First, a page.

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Unwilling Process of Belgrade-Pristina Dialogue

The dialogue on normalization of relations between Belgrade and Pristina facilitated by the EU is in its eighth year but has been stagnating since the end of 2016. Moderator of this panel Alex Roinshvili Grigoriev, President, Council for Inclusive Governance set the goal to try to finally find the answer to this fundamental question. He also raised the question if by resolving this issue we are trying to take people out of their misery or we are trying to take only some people out of misery and while putting others into misery.

Gordana Čomić, Deputy Speaker, Parliament of Serbia answered the first question by saying we should not be taking people anywhere, just changing their labels. The labels are playing a huge part in this process, she claimed adding “we need to put down all the labels and introduce ethics in politics, to address how the people are living”. She calls the Belgrade-Pristina dialogue “an unwilling process that we don’t want to do it but we are pushed to do it.”

Čomić concluded by giving an interesting analogy: “take your right hand, take it in a fist and try to shake hands- that’s dialogue. You can’t shake hands but you are pretending you are. People in both communities are told they can shake hands with fists, with no one asking them how they feel.”

“We are stuck in the mindset of the 90’s,” Ilir Deda, Member, Parliament of Kosovo told us, “in the rhetoric that led to the conflict”. He believes the whole region needs to stand up for the interests of people living in Kosovo. Deda argued that if we strive towards peace, we have to forget the outcome in which “one side wins all and the other side loses all”. When asked about his thoughts on resolving territorial issue he was strongly against partition and ethnically drawing borders.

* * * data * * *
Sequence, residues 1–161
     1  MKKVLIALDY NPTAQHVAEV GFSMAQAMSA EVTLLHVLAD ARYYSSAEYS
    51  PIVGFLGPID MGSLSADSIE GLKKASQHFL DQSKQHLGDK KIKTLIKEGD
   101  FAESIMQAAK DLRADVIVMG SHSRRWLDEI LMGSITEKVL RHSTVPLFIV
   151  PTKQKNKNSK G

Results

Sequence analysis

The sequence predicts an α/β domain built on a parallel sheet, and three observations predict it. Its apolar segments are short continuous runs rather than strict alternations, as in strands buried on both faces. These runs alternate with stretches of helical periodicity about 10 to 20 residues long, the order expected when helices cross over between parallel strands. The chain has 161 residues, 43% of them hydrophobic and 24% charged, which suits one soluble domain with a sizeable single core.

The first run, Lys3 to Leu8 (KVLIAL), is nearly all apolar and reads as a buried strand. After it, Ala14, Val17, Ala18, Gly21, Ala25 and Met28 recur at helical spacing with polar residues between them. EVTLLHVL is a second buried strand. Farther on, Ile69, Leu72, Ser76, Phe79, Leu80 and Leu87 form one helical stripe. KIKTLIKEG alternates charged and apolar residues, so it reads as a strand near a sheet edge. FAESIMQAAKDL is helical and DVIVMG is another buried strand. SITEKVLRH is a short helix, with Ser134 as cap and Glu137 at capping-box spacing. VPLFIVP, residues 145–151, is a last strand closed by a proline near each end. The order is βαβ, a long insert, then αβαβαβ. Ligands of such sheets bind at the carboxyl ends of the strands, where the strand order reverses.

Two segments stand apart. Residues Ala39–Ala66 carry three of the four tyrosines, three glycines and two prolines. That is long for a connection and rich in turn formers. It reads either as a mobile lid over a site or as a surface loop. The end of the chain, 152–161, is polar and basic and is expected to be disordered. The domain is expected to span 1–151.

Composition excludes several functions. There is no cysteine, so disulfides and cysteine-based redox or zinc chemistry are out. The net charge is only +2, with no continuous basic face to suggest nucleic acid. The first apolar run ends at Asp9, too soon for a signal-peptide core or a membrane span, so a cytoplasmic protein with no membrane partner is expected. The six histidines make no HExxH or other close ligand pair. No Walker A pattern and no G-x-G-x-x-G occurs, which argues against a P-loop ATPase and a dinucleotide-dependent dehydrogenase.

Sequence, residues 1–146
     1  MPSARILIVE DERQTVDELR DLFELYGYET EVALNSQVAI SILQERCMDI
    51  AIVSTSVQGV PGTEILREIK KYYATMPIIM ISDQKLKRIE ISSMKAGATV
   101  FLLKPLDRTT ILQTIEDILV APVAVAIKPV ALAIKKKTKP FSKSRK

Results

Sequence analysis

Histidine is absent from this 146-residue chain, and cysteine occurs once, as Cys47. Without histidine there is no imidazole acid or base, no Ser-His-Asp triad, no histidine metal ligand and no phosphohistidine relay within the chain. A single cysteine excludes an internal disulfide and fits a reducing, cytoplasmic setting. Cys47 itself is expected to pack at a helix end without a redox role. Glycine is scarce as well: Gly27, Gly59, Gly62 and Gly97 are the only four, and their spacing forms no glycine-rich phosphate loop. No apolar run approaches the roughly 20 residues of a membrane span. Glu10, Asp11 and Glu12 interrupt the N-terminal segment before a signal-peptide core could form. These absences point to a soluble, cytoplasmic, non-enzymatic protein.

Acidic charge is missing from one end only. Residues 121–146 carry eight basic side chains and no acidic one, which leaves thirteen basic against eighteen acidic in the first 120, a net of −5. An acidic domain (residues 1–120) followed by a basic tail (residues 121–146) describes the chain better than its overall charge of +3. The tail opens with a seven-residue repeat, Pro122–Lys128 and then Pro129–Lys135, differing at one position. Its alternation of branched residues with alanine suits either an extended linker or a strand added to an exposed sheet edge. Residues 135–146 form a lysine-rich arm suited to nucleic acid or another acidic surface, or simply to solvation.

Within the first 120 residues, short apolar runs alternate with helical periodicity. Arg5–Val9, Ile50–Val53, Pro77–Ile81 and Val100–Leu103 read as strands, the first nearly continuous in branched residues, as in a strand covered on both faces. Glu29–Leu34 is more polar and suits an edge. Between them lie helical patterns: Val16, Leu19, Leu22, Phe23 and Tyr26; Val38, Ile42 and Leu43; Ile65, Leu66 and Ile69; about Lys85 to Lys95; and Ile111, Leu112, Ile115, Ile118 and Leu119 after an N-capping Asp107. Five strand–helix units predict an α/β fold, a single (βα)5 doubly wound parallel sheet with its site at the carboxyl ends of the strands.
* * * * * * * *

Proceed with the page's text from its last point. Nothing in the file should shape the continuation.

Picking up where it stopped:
Stabine Stöhr, Head of Department for SEE, Federal Ministry for Foreign Affairs; Federal Republic of Germany, underlined comprehensibility as the most important aspect of the future agreement. She expressed her concern on how the goal of the dialogue is being framed. In Stöhr’s opinion, solving only territorial problem will not be the solution to the entire Serbia-Kosovo issue. “It will not lead to sustainable states and communities”, she said adding that it will only reignite territorial issues in Balkans and in parts of the EU.

“Serbia wants to solve a problem, not win an argument”, Director of the Office for Kosovo and Metohija, Government of Serbia, Marko Đurić said. He suggests both sides refrain from unilateral actions which, according to him, usually lead only into further escalations. Đurić stated that no one want division along ethnic lines further explaining how Serbia nowadays prides itself in being a multi-ethnic society. When the question of Kosovo’s independence was brought up, he told us: “I believe that Kosovo isn’t independent, it is not a member of international organizations, it is dependent on funding from international community.”

One of the less optimistic about the future of Serbia-Kosovo relations, Agon Maliqi, Policy Analyst, Co-founding Editor of, expressed his concern that the situation will only get worse in the following years. Maliqi fears we will see an increase in incidents.

“Last year we had two or three dangerous situations and in the next years we will see more if there is no agreement”, he said. Maliqi concluded the discussion by saying: “Answers to ‘the games’ between Belgrade and Pristina lie in the 2 societies, not politicians, who benefit from the status quo”.